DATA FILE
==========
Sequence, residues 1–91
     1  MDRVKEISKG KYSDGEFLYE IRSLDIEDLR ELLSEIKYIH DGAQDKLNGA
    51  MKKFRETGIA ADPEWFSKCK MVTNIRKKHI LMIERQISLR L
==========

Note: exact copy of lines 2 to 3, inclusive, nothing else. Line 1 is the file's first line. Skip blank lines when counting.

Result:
     1  MDRVKEISKG KYSDGEFLYE IRSLDIEDLR ELLSEIKYIH DGAQDKLNGA
    51  MKKFRETGIA ADPEWFSKCK MVTNIRKKHI LMIERQISLR L